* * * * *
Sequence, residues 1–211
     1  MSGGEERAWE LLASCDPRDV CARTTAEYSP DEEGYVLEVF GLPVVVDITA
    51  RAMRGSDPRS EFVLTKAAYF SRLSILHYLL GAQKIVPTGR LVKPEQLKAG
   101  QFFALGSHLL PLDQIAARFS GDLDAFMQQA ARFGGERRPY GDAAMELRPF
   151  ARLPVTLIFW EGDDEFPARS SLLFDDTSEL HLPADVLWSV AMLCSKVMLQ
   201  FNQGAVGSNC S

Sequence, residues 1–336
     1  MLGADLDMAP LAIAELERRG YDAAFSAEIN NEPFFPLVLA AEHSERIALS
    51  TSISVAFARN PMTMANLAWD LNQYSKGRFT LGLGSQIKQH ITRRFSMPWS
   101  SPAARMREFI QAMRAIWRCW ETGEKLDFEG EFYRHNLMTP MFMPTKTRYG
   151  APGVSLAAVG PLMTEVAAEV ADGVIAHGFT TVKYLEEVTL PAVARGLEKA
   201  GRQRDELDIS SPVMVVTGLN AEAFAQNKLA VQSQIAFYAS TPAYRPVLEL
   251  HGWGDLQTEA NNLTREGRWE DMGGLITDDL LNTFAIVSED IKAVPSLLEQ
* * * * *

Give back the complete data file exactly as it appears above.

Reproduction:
Sequence, residues 1–211
     1  MSGGEERAWE LLASCDPRDV CARTTAEYSP DEEGYVLEVF GLPVVVDITA
    51  RAMRGSDPRS EFVLTKAAYF SRLSILHYLL GAQKIVPTGR LVKPEQLKAG
   101  QFFALGSHLL PLDQIAARFS GDLDAFMQQA ARFGGERRPY GDAAMELRPF
   151  ARLPVTLIFW EGDDEFPARS SLLFDDTSEL HLPADVLWSV AMLCSKVMLQ
   201  FNQGAVGSNC S

Sequence, residues 1–336
     1  MLGADLDMAP LAIAELERRG YDAAFSAEIN NEPFFPLVLA AEHSERIALS
    51  TSISVAFARN PMTMANLAWD LNQYSKGRFT LGLGSQIKQH ITRRFSMPWS
   101  SPAARMREFI QAMRAIWRCW ETGEKLDFEG EFYRHNLMTP MFMPTKTRYG
   151  APGVSLAAVG PLMTEVAAEV ADGVIAHGFT TVKYLEEVTL PAVARGLEKA
   201  GRQRDELDIS SPVMVVTGLN AEAFAQNKLA VQSQIAFYAS TPAYRPVLEL
   251  HGWGDLQTEA NNLTREGRWE DMGGLITDDL LNTFAIVSED IKAVPSLLEQ